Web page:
Patient compliance in a clinical trial with inhaled budesonide in
Patient compliance in a clinical trial with inhaled budesonide in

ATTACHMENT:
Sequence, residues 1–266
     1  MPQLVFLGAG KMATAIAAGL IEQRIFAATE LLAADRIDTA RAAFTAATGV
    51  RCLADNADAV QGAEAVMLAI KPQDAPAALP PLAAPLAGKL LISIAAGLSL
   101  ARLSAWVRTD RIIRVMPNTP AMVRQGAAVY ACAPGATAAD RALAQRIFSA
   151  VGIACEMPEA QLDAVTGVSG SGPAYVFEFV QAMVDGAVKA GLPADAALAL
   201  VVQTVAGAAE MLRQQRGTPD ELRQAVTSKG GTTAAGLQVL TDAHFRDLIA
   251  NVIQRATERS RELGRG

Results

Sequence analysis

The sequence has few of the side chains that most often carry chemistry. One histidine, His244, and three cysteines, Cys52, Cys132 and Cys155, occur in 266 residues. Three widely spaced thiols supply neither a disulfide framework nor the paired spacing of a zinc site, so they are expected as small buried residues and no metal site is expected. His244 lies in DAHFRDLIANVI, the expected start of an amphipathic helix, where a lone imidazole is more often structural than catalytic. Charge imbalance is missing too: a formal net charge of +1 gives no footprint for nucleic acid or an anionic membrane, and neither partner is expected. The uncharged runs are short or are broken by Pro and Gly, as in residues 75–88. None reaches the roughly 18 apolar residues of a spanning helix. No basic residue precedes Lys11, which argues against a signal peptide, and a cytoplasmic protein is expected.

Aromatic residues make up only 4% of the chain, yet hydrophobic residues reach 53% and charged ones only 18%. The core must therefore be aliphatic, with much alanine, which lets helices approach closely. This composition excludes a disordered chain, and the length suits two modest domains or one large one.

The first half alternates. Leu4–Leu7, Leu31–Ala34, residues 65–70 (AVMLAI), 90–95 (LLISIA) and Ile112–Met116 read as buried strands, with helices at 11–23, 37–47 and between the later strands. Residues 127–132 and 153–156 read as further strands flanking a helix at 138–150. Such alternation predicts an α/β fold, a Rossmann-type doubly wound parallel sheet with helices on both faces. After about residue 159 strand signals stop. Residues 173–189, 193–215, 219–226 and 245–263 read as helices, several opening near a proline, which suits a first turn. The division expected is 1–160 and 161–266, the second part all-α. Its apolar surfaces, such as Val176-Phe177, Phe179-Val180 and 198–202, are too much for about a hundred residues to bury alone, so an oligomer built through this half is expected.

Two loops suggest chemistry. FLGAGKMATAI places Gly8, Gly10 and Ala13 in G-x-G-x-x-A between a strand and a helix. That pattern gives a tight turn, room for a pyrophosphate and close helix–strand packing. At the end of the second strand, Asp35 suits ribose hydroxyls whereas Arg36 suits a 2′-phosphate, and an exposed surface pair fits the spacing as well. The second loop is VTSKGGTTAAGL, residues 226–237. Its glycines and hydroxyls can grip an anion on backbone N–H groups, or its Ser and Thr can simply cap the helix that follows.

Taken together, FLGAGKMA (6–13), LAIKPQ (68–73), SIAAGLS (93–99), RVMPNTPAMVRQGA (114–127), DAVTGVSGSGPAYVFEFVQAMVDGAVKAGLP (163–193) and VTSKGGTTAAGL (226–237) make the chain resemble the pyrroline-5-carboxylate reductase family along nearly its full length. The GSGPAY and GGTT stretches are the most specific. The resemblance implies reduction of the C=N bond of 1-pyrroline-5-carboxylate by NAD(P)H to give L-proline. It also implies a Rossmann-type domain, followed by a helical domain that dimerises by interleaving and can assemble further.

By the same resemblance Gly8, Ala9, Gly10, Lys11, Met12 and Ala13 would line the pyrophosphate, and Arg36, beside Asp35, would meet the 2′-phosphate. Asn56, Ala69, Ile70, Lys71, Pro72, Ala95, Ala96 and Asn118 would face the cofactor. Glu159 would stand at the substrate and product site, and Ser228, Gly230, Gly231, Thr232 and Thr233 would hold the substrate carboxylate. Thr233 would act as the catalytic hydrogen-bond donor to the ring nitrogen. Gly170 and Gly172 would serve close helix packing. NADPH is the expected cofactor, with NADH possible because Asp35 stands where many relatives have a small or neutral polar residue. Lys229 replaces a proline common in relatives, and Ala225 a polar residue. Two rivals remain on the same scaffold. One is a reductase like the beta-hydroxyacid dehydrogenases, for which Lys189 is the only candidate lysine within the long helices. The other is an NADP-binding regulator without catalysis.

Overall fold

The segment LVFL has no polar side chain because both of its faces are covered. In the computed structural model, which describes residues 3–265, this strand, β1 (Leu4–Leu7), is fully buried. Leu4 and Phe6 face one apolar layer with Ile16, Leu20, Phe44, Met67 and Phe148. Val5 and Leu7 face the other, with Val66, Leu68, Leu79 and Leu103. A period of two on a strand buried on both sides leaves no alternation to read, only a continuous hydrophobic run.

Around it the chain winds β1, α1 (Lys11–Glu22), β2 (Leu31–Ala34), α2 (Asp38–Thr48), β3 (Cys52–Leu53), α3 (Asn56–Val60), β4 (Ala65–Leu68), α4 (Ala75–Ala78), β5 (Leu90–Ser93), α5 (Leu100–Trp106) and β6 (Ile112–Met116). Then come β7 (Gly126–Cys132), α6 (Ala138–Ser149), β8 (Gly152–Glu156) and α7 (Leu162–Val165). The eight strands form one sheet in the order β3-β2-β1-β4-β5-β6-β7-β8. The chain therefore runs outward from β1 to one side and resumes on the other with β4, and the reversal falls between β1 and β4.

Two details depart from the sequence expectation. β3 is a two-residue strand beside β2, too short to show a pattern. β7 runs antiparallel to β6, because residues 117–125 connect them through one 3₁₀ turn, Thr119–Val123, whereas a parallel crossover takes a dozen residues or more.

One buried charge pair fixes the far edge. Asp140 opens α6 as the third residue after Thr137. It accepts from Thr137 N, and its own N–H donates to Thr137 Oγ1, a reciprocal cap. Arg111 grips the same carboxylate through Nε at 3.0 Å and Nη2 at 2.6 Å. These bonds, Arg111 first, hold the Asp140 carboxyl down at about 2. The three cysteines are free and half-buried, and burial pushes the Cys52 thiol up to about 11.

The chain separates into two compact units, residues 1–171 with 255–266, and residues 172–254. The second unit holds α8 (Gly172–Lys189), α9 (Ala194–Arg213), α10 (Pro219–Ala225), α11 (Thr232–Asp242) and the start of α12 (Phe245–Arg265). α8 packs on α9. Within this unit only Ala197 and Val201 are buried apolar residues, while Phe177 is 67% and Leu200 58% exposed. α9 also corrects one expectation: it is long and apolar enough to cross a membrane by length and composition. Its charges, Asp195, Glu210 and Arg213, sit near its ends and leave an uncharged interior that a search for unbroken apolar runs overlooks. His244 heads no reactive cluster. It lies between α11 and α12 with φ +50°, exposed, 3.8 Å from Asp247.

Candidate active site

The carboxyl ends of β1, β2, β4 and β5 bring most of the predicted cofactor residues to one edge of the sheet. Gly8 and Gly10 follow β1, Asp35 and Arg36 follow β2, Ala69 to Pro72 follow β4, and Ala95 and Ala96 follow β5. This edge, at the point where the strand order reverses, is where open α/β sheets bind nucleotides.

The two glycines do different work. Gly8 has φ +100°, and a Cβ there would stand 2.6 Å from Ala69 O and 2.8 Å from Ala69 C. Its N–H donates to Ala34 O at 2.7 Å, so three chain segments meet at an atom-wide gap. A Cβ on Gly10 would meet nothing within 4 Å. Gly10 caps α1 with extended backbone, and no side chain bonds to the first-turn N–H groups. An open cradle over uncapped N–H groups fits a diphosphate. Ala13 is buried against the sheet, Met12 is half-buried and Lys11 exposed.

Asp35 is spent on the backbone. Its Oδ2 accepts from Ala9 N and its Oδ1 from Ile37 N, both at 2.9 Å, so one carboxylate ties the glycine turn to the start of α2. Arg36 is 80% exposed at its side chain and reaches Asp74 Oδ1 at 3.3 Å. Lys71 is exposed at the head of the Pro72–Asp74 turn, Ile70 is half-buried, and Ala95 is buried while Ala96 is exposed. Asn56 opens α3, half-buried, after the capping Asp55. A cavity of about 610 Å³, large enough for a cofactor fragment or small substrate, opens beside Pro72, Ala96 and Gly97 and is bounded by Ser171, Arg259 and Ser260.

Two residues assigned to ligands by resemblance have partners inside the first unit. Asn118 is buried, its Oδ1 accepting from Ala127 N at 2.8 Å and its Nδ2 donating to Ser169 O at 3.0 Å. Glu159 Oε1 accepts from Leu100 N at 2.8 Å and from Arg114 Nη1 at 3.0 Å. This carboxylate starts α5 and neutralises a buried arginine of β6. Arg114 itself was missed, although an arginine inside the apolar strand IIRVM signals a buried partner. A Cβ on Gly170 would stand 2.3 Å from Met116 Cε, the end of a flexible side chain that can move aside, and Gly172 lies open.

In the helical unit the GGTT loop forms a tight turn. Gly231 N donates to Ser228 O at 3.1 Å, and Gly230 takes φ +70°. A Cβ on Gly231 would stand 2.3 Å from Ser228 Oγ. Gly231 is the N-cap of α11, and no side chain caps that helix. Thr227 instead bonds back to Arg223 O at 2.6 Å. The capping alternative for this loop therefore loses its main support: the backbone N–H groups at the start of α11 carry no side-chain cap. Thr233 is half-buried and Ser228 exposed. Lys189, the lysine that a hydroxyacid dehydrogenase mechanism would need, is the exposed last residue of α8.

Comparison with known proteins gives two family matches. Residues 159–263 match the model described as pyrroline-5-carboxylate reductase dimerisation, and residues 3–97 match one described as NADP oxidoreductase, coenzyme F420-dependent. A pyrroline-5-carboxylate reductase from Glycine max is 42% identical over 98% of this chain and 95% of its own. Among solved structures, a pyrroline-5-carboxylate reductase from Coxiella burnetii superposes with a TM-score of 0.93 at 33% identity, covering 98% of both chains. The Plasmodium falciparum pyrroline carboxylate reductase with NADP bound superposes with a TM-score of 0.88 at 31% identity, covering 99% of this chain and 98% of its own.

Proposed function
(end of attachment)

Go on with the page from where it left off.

Copyright #ERS Journals Ltd 1999 European Respiratory Journal ISSN 0903-1936 Eur Respir J 1999; 14: 150±154 Printed in UK ± all rights reserved Patient compliance in a clinical trial with inhaled budesonide in children with mild asthma G. JoÂnasson*, K-H. Carlsen**, A. Sùdal*, C. Jonasson#, P. Mowinckel# Patient compliance in a clinical trial with twice daily inhaled budesonide in children with mild asthma. G. JoÂnasson, K-H. Carlsen, A. Sùdal, C. Jonasson, P. Mowinckel. #ERS Journals Ltd 1999. ABSTRACT: Children's use of inhalation devices can give valuable information about their adherence to asthma therapy. The aim of this study was to examine treatment adherence of low dose inhaled budesonide or placebo administered via Turbuhaler1 twice daily in children with mild asthma participating in an asthma trial, by comparing diary registration with the number of doses remaining in the inhaler. A total of 163 children (age 7±16 yrs, 56 females, 107 males) with mild asthma (mean baseline forced expiratory volume in one second (FEV1) was 103% of predicted), were included into a double blind, randomized study. After a two-week run-in period, the children received inhaled budesonide, either 100 mg or 200 mg daily, and/or placebo for 12 weeks. All patients used daily diary cards throughout the study. Results from 161 patients were analysed. Mean compliance according to the diary was 93%, whereas estimated mean compliance when counting remaining doses in the Turbuhaler was 77%. Overuse of medication was found in 7% of the children. There was no significant difference in compliance between sex in the study group, whereas children aged #9 yrs had significantly better drug adherence than older children. No significant relationship was found between symptom score and compliance. In conclusion, even with optimal patient follow-up in a clinical trial, adherence to prophylactic asthma treatment is considerably lower than the patients own reports from the use of daily diary cards. Eur Respir J 1999; 14: 150±154. Long-term studies of children with asthma have concluded that early intervention may prevent the development of irreversible airway obstruction [1, 2]. This may influence current treatment recommendations by possibly leading to the earlier prescription of prophylactic antiinflammatory treatments in mild disease. Some compliance studies have focused on objective measurements regarding the use of inhaled asthma medication in adults and children. This has been performed using an electronic inhaler timer device (Nebulizer Chronolog; Forefront Technologies Inc., Lakewood, CO, USA), and has repeatedly shown that adherence to asthma medication is generally poor. These studies show that only about 50±77% of the medication is used as prescribed by the doctor [3±6], and that when asked, patients overestimate the use of their own medication 50±90% of the time [3, 7, 8]. Poor compliance with prescribed therapy can lead to difficulties in assessing disease severity as the expected effect of the treatment given is missing, which may in fact influence the clinician in changing to a different, and sometimes a more complicated treatment regimen instead of focusing on improving the patient compliance. Prescribing prophylactic long-term therapy in mildly affected or asymptomatic children with asthma can possibly result in a further decline in treatment adherence. The primary objective of the present study was to examine treatment adherence of mildly affected asthmatic *Paediatric Section for Allergy and Pulmonology, UllevaÊl Hospital, Oslo, Norway. **Voksentoppen, Institute of Allergy and Asthma in Children, Oslo, Norway. #Clinical Research and Development, Astra Norge AS, Oslo, Norway. Correspondence: G. JoÂnasson Pediatric Section for Allergy and Pulmonology UllevaÊl Hospital 0407 Oslo Norway Fax: 47 22118663 Keywords: Childhood asthma drug adherence inhaled corticosteroids patient compliance Received: July 6 1998 Accepted after revision February 15 1999 children in a clinical trial, only including study subjects who were considered to be adherent to therapy. Differences between diary registrations and calculated compliance (by counting the remaining doses in the inhaler) were assessed. Secondary objectives were to evaluate the possible effect of symptom score on compliance and to compare compliance between different age groups and sex. Patients and methods Patients A total of 163 children with a history of asthma were included in the study, 107 males and 56 females, aged 7± 16 yrs. All subjects participated in a study on the effect of low dose inhaled budesonide on mild asthma, mild being defined as low grade symptoms that did not interfere with sleep and lifestyle, or episodes of cough and wheeze occurring less than once per month . Study design Treatment results and study design have been reported elsewhere . The study was designed as a double-blind, randomized single-centre trial. A two-week open run-in 151 PATIENT COMPLIANCE IN CHILDHOOD ASTHMA period, during which the children learned to use an empty Turbuhaler1 (Astra Draco, Lund, Sweden) for practice, a peak flow meter (Vitalograph, Ennis, Ireland) and to complete a diary, was followed by a 12-week doubleblind treatment period. At the second visit, patients were randomized into four different treatment groups, and each patient received two Turbuhalers, one for morning medication or placebo (lactose) and the other for evening medication or placebo. Patients in Group I were given budesonide 100 mg once daily (in the morning and placebo 100 mg in the evening). Group II received budesonide 200 mg once daily (in the morning and placebo 100 mg in the evening). Group III received budesonide 100 mg twice daily (morning and evening, total dose of 200 mg). The final group (Group IV) received placebo 100 mg twice daily (morning and evening). Patients recorded daytime and night-time asthma symptoms in the diary on a severity scale of 0±3 (0=no symptoms, 3=severe symptoms). Subjects also kept a daily record of their use of b2agonists, peak expiratory flow rate (PEFR) twice daily and intake of the study medication. Clinical assessment, lung function testing and measurement of bronchial responsiveness were performed at each visit every fourweeks throughout the study. Children participating in the present trial were not informed about the counting of remaining doses in the inhaler when it was collected at the end of the study. The study was approved by the Regional Medical Ethics Committee. 5%. This was also performed in a blinded way i.e. 20 unused Turbuhalers were "clicked" 30±175 times by one person and remaining doses counted by another person. The maximum difference between expected and counted doses in the Turbuhaler was measured as 10 doses or 5%. Statistical evaluation The compliance level assessed by diary (self reported) and by counting remaining doses (measured) was compared using Student's two-sample t-test. To determine the degree of association with any demographic variables, analysis of covariance (ANCOVA) or paired t-tests were used. p-values #0.05 were considered to be significant. Results Patients A total of 163 patients were included in the study. At the end of the study, data on doses remaining in the inhalers and diary registrations were available from 161 patients. One patient was withdrawn from the study due to lack of compliance with no diary data available after randomization, and one patient had lost their inhalers. The demographic details of the subjects are given in table 1. Assessment of compliance Assessing compliance A single dose of budesonide 100 mg dry powder, 200 mg dry powder or placebo dry powder was prescribed for inhalation from a Turbuhaler twice daily, i.e. morning and evening for 12 weeks. All Turbuhalers contained 200 doses at the start of the study. A proper inhalation technique with the Turbuhaler was ensured before including the patient in the study, after the run-in period and at four week intervals during the study. For this purpose, a Turbuhaler Usage Trainer (Astra Draco) was used. When a patient uses the inhaler, the Turbuhaler grip is turned clockwise and then anti-clockwise until a "click" sound is heard. The patient then empties their lungs and inhales deeply from the inhaler. When #20 doses remain in the inhaler, a red line becomes visible in a dosage indicator. Adherence to the treatment regimen was estimated indirectly in two ways. Firstly, patients reported intake of medication each day for 12 weeks, and secondly, the remaining doses of budesonide or placebo in the returned Turbuhaler were counted. Compliance was calculated as: 200 ÿ No: of remaining doses |100 % Compliance No: of prescribed doses A significant difference was found between self reported (diary cards) and measured compliance for both morning and evening medication (table 2). When comparing mean values of compliance between morning and evening medication, the latter was slightly higher for both diary and measured compliance, but this difference was not significant. Ninety-four (58%) patients obtained $75% measured compliance for morning medication versus 108 (67%) patients for evening medication. In these major groups of patients, a statistically significant difference between diary registrations and measured compliance (p=0.007; p<0.001, respectively) was found (table 3). This difference between The number of doses remaining in the Turbuhaler were determined by counting the "clicks" until the red line indicator became visible. The number of "clicks" counted was then added to 20 (20 being the number of doses remaining in the inhaler when the red indicator is visible). A pilot counting study was performed by counting the remaining doses in 20 unused Turbuhalers; the maximum difference from the expected 200 doses was 10 doses, or Table 1. ± Personal and lung function data at baseline for all patients treated Characteristic Patients n Atopics n Male/Female Age yrs Height cm FEV1 % of predicted L.min-1 PEF morning % pred L.min-1 Reversibility in FEV1 % Maximum fall in FEV1 % after exercise test Number of b2-agonist doses inhaled during day Value 163 110 107/56 9.9 (7±16) 143.4 (118.3±202) 102.7 (71.6±141.5) 87.1 (45.1±139.2) 3.0 (-28±20) 10.4 (-3.3±62.5) 0.49 (0±9.4) Results are given as mean values with range in parentheses. FEV1: forced expiratory volume in one second; PEF: peak expiratory flow. Â NASSON ET AL. G. JO 152 Table 2. ± Comparison between self reported compliance (diary cards) and measured compliance by counting remaining doses in the inhaler device for all patients Morning Evening n Diary compliance % 161 161 93 (91.7±94.3) 94 (92.8±95.1) Measured p-value compliance % 76 (72.6±80.2) 77 (73.9±80.7) <0.001 <0.001 Results are given as mean values with 95% confidence intervals in parentheses. self reported and observed values increased markedly as measured compliance decreased (fig. 1). Compliance was measured to be <25% (mean value) in six children when counting the remaining doses for both morning and evening medication. Two additional children (one from each group) had either morning or evening compliance only <25%. The seven children with <25% measured adherence for evening medication had 95% adherence (mean value) according to their diaries (table 3). Only six (4%) patients reported #75% drug adherence to morning medication in their diaries, whereas objective measurements revealed that 67 (42%) children had <75% adherence to morning medication and 53 (33%) to evening medication. Compliance was found to be significantly higher in the younger age groups, as shown in table 4. A total of 139 (86%) patients had a higher reported selfcompliance than measured compliance for morning medication, compared to 151 (94%) for evening medication. Of the remaining subjects with a reported compliance by diary cards lower than the measured compliance, "over-users" constituted a major group, with large discrepancies between measured and self reported values. The remaining subjects had almost equal self reported and measured values, although self reported values were slightly lower than the measured ones. Overuse of inhaled drugs for either morning or evening medication was observed in 11 (7%) patients and in three (2%) patients for both morning and evening medication. Males were more often "overusers" than females. Otherwise no significant difference was found between sex in the present study. 90 Mean compliance % Medication 100 80 70 60 50 40 30 20 10 0 >75% (n=94) 50−75% 25−50% (n=49) (n=11) Compliance group <25% (n=7) Fig. 1. ± Comparison between measured (h) and self reported (u) compliance for morning medication in four different compliance groups of an asthma treatment regimen. Allocation to each group is determined by measured compliance, calculated by subtracting the number of remaining doses in the used inhaler from the number of doses in an unused inhaler and divided by the number of prescribed doses. Symptom scores and placebo treatment As the patients suffered from mild asthma, symptom scores were low at baseline and throughout the study for all treatment groups. At baseline, the children used a mean number of 0.49 b2-agonist inhalations during the day and 0.11 inhalations during the night. When comparing the compliance of symptom-free patients (daytime) to the compliance of patients with registered diary symptoms, the symptom-free group had a mean measured compliance of 75% (evening medication) whereas the diary group had a measured compliance of 79% (NS). No significant differences between measured compliance of the placebo group and the budesonide group were found. Discussion Table 3. ± Comparison between measured compliance and self reported compliance (diary cards) in different compliance groups Compliance groups $75% Morning Evening 50±75% Morning Evening 25±50% Morning Evening #25% Morning Evening n Measured compliance % Diary compliance % p-value 94 91 (87.7±94.3) 108 88 (85.6±90.6) 96 (94.5±97.2) 95 (94.0±96.5) =0.007 <0.001 49 66 (64.2±67.7) 38 66 (64.1±67.9) 89 (86.4±91.3) 91 (88.5±93.9) <0.001 <0.001 11 37 (32.8±41.9) 8 43 (39.1±47.4) 90 (86.2±94.2) 89 (81.4±96.1) <0.001 <0.001 7 7 88 (71.9±104.1) <0.001 95 (90.4±99.7) <0.001 14 (3.6±24.7) 12 (5.4±19.2) Results are given as mean values with 95% confidence intervals in parentheses. In the present study, a clear discrepancy between self reported and objectively measured compliance was found. This discrepancy increased considerably as the measured Table 4. ± Comparison of measured versus diary compliance for two different age groups Age group Compliance Measured Morning % Evening % Diary Morning % Evening % 7±9 yrs (n=75) 10±16 yrs (n=86) p-value 81 (78.1±84.7) 83 (80.1±86.5) 72 (65.5±78.5) 72 (66.6±77.7) =0.01 =0.001 94 (92.6±95.7) 95 (93.8±96.3) 92 (89.9±94.1) 93 (91.7±94.8) =0.09 =0.06 Results are given as mean values with 95% confidence intervals in parentheses. 153 PATIENT COMPLIANCE IN CHILDHOOD ASTHMA compliance decreased. Neither symptom scores or placebo treatment significantly affected the compliance in this group of children with mild asthma. Younger children had a better compliance, possibly due to stronger parental supervision with extra motivation and help. In the present study, the children were repeatedly encouraged and reminded to take their medication as prescribed at each visit every four weeks during the study. Inhalation techniques were checked, and possible problems regarding the treatment were discussed at all visits. Only two out of 163 children were withdrawn from the study throughout the study period. In the present study, compliance was measured objectively by counting the number of doses remaining in the Turbuhaler. Thus, the number of doses taken by the patient was calculated. However, the timing and technique of the administration of the drugs cannot be assessed in this way. The measured compliance therefore represents the theoretical "best" compliance value. Overuse of the inhaler was estimated indirectly in this way by counting the remaining doses and found to be 7% in the present study, but other studies have shown similar estimates of overuse of medication in trials . The possibility that the actual number of remaining doses overestimates drug adherence ("clicking" the inhaler without inhaling) cannot be ruled out. This kind of overuse or "test firing" has been shown by others with the use of an electronic medication monitor in the inhaler [5, 8]. This electronic instrument cannot confirm that the medication was inhaled or used correctly, but only when and how often the inhaler was actuated. It has been shown that participating in a clinical trial can increase the patients motivation and compliance . Only patients deemed to be compliant were selected for this trial. Although the results show that this selection was not completely successful, with 18 patients taking <50% of their medication (fig. 1), there is little doubt that the present study overestimates compliance in relation to clinical routines, and is in that respect hardly comparable to "real" compliance in a usual clinical practice when treating asthmatic children. If this statement is true, it means that the physician responsible for prescribing the treatment should not overlook the possibility that the patient is either not using the medication as prescribed, or not using it at all. MILGROM et al.  studied compliance in 24 asthmatic children over a 13-week period. They found that >90% of the patients exaggerated their use of inhaled steroids, and the ratio of diary doses to prescribed doses was 95.4% (median value) compared to the measured compliance of 58.4% for inhaled steroids. The same group also found a striking relationship between poor steroid adherence and asthma exacerbations. The present study included only children with mild asthma, and this may explain why clear relationship between symptoms and patient compliance was not found. Otherwise, the results from the study of MILGROM et al.  are comparable to the results in the present study. GIBSON et al.  published a study on compliance involving 29 pre-school children with an electronic inhaler timer device. They reported that an overall median of 77% of prescribed doses of therapy were taken during the study period and no apparent relationship between good compliance and low symptoms scores. Results from the present study support this finding, and the large number of patients included may give an even more reliable estimate of the measured compliance. An inadequate therapeutic response in the treatment of asthma is not uncommon and is often dealt with either by increasing the prescribed doses or changing the therapeutic regimen. With increasing knowledge regarding poor patient compliance, the physician should possibly focus more on this aspect when prescribing medication or evaluating the effect of the treatment given. Repeated informative discussions with the patient and/or parents about the treatment given, including both the effect and possible sideeffects, is probably important. Repeated evaluation of the inhalation technique with simple and realistic treatment regimens may also be important factors when trying to increase drug adherence. Written patient instructions regarding the intake of medication and a plan for treating disease exacerbation is also likely to result in a better compliance and thereby possibly reduce morbidity. The present study concerns the treatment of mild asthmatic children with low dose inhaled steroids. Guidelines now recommend the use of b2-agonists only as needed in the treatment of mild asthma [9, 12], but inhaled steroids have occasionally been used in the treatment of mild asthma during the last few years. In children with mild disease, the recommended dose is 50±200 mg given twice daily . If prophylactic anti-inflammatory treatment of mild asthma is to be used more in the years to come, this will inevitably mean treating patients with lesser symptoms. The authors speculate that this trend in the treatment of asthma will present the physician with an even greater challenge in finding methods to increase their patients' drug adherence. The authors also raise the question of whether designs of clinical trials should include some form of measurement to objectively assess patient compliance in the trial. In the present paper, the authors have shown that there is reason to believe that patient drug adherence in a clinical trial is generally much poorer than the patient actually reports. A better understanding and acceptance of how poor patient compliance really is, is probably the key to finding ways to reduce this problem in the future. Acknowledgements. 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